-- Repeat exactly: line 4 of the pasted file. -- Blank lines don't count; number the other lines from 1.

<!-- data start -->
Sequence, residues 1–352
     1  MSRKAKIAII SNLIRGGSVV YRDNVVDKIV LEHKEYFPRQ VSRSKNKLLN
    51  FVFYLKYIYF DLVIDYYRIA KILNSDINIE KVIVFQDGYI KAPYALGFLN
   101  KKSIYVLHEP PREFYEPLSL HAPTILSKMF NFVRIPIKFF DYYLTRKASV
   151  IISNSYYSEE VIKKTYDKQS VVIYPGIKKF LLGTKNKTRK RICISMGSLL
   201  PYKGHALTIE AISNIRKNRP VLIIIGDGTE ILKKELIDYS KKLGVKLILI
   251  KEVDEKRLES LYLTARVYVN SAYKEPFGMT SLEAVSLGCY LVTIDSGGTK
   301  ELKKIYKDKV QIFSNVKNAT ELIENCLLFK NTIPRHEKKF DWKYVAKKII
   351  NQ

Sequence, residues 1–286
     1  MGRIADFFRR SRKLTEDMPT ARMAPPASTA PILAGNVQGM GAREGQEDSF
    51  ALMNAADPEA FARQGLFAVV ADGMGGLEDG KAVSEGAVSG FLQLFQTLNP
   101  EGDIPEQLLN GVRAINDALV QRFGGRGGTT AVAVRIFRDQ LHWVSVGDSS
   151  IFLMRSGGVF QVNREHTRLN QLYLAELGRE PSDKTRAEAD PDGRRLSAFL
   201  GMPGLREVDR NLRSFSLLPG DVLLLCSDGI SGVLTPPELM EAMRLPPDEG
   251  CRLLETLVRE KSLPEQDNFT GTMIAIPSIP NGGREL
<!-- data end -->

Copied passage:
   101  KKSIYVLHEP PREFYEPLSL HAPTILSKMF NFVRIPIKFF DYYLTRKASV